You are currently browsing the tag archive for the ‘mindfulness’ tag.

I’m having one of those days filled with phone calls and waiting for test results, people wanting to know things right now, and waking up later than intended.

Honestly, it’s one of those days that could drive a person insane.

So I’m taking time for a moment of mindfulness. It doesn’t have to be a 30 minute meditation, or full-on yoga session. As one of my meditation instructors once told me, just take a moment to ask, “What is happening for me right now?”

I’m noticing my hands are swollen today…noticing myself getting swept up in thought…aware of my fingers on the keys and my feet on the floor. I’m aware of taking a deep breath, and my stomach being tense.

The world is a little less chaotic now than it was a few moments ago. Nothing has been miraculously “cured,” but I don’t feel like I’m being sucked up in some interdimensional vortex of rushing.

Part of the key to this exercise is to focus on sensations of the here and now – not thinking about the 50 things you have to do before dinner, instead examining the texture of the floor, or the nature of your breath. If you have a thought or a worry, notice that you’re having a thought or a worry.

So I’d like to invite you, if you want, to ask yourself, “What is happening for me right now?

Advertisements

Drugs and medication have an interesting way of interfering with my mindfulness practice.

I spent much of Tuesday and Wednesday drugged on Tramadol, which I’d taken to deal with the pain/fear spiral that was going on this weekend. The Tramadol made me groggy, sleepy, and ill-coordinated. My brain felt like someone had shoved cotton balls into it, and I couldn’t get to all the important bits.

I suppose the Tramadol did its job in other respects: I wasn’t in as much pain, I could walk (or hobble) when needed, and I wasn’t having panic attacks from fear about how long the pain would last. The pain was not out of control.

I decided to try some mindfulness meditation to cope with my relationship to the pain.

When I started doing some breathing and focusing inwards, I really felt as though my brain was on some bad carnival ride. When I closed my eyes, I saw a pink trapezoid that kept moving and rolling as though it was in a fun house. There were pink elephants and other objects that kept shifting in and out of view.

When I tried to focus on my body instead of on the happy-fun-trip going on inside my mind, it was like wading upriver through sludge. I could kind of feel myself through a dim haze, but it was a lot of effort. The pink elephant kept calling me back.

Eventually, I fell asleep.

I suppose the mindfulness didn’t work in the way I intended or expected, but it did give me insight into the workings of my brain when I’m taking “heavy duty” painkillers. (Tramadol is a “mild narcotic.”) It feels like the medication is closing a door on the parts of my mind which might experience pain. Clobbering them over the head and sticking them in a closet, if you will. Then it distracts the rest of my mind with smoke and mirrors.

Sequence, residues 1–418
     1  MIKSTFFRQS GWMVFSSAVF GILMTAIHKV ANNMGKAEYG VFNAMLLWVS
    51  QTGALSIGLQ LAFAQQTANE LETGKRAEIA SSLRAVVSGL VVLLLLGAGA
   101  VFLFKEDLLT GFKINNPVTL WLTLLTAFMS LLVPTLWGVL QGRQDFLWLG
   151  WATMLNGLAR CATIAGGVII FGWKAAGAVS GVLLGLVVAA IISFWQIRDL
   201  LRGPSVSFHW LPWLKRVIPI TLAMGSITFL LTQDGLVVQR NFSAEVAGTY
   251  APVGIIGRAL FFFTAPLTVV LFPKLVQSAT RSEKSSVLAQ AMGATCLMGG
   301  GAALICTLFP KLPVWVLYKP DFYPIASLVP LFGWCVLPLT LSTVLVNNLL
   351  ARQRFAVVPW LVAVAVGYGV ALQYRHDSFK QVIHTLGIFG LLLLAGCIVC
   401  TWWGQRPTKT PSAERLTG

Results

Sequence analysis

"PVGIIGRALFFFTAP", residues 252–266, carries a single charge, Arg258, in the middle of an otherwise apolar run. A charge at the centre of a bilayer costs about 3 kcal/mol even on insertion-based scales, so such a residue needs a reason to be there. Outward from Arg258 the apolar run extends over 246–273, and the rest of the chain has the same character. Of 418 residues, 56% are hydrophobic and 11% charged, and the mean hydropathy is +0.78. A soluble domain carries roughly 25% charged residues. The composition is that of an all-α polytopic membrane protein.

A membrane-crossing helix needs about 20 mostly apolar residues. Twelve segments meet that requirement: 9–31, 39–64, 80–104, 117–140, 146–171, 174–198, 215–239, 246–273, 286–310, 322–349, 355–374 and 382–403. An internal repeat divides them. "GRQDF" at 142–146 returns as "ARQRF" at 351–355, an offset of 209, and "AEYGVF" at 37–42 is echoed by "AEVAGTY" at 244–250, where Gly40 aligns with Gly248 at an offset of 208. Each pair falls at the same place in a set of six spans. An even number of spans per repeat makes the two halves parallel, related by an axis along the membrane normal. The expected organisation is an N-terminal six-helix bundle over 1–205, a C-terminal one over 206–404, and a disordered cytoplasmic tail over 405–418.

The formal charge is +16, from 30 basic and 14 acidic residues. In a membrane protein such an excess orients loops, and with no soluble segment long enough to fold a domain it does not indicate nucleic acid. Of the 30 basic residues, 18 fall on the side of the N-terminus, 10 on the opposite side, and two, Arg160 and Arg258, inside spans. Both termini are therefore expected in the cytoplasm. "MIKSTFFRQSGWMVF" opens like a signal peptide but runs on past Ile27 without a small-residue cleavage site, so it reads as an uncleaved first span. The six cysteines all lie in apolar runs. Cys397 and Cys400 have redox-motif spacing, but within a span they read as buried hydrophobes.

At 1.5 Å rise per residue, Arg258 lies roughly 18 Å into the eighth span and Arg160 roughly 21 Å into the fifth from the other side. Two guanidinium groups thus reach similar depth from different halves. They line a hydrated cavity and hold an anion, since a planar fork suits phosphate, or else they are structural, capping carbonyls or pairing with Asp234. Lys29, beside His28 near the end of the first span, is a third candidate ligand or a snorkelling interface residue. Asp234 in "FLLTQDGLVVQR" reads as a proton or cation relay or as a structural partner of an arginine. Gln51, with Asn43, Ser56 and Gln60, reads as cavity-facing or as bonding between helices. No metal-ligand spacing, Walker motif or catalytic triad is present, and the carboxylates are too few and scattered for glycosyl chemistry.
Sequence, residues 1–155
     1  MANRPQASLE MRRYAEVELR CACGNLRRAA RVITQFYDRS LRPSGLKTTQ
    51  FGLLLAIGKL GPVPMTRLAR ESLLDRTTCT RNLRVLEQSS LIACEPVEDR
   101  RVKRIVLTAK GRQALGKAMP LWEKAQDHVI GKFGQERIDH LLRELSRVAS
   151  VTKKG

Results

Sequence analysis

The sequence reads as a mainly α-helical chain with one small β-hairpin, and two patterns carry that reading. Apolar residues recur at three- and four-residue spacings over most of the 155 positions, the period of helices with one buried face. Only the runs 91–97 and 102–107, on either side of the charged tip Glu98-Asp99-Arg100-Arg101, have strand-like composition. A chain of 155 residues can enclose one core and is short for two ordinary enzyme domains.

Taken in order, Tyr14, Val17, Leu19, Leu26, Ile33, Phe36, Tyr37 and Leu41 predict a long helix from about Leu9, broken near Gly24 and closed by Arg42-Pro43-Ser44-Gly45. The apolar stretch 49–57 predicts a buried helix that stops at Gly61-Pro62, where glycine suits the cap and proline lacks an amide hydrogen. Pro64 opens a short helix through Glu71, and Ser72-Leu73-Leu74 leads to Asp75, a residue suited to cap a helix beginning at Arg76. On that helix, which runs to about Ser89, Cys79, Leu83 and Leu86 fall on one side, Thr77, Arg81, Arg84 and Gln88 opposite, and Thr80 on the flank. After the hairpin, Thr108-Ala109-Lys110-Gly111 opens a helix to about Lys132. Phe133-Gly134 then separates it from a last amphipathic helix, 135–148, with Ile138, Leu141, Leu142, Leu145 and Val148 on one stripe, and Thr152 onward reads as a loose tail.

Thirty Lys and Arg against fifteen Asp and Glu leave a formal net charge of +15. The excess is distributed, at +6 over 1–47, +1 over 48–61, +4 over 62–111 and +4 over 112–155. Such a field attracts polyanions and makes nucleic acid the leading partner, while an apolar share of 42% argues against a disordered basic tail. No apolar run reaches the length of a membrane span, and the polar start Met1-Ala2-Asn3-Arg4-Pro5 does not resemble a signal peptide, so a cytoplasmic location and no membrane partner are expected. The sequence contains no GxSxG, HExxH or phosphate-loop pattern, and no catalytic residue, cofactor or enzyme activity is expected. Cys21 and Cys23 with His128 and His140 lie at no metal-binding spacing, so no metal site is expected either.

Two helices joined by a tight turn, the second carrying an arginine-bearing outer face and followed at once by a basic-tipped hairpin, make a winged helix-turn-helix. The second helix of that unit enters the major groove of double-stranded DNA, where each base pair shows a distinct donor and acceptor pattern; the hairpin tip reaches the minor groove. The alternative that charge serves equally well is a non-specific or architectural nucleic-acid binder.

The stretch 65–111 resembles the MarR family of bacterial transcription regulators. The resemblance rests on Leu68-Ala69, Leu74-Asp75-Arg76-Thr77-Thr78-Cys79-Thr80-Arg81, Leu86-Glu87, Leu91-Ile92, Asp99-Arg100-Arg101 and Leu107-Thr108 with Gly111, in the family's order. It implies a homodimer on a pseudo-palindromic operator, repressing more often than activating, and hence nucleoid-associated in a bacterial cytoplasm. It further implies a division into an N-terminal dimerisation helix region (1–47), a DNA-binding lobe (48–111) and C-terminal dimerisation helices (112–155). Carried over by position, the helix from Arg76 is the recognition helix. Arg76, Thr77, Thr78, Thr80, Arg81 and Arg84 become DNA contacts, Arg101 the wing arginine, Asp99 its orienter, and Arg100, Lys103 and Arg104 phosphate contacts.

This doesn’t usually happen – as much – when I take Tramadol. I think it was because I took a larger dose than usual. However, the feeling of “wading upriver” when trying to practice mindfulness while on Tramadol has happened before.

Fortunately for me,  I managed to see a podiatrist yesterday. I’m narcotic-free today, and I feel like I have my mind back.

Note: This is another early post (Thursday instead of Friday), because it again relates to how I’m doing right now. We’ll see what the weekend holds, and if I do a “weekend extra” or not. It probably depends on how much pain I’m in, or what medication I’m on.

We had the mother of all snowstorms this weekend, with 29″ dumped on every surface. It’s beautiful, and it also presents many practical challenges. (These include power outages, being housebound, snow-weighted trees, and making a space for the terrier to go outside and use the bathroom.)

Saturday night I was keeping my friend company while she started clearing off one of our cars. The power was out all around the neighborhood. The storm clouds had passed. The sky was a deep purple, reflecting the light of the snow and city lights in the distance. All of our street lights were out, giving a much better view of constellations punctuated by the occasional whispy cirrus clouds. Partway through shoveling, the power came back on. Some of the constellations disappeared, but my disappointment was tempered by the promise of having heat for the night.

That was the wonder of the snowstorm.

We also probably lost at least two trees, which succumbed to the weight of the snow and ended up almost touching the ground. I spent a good bit of the day of the storm wading through the ever-accumulating snow (it ended up reaching almost to my hips) and shaking trees off to prevent further tree death. My friends did a lot of the work, but just “walking” through the snow proved difficult.

Then came my body’s reaction to the experience.

I won’t bore you with an entire catalog of the pain. Suffice it to say that every joint in my legs was sore and burning. Other parts of my body would periodically pipe up, as though saying, “Me too! Pay attention to me too! I hurt too!”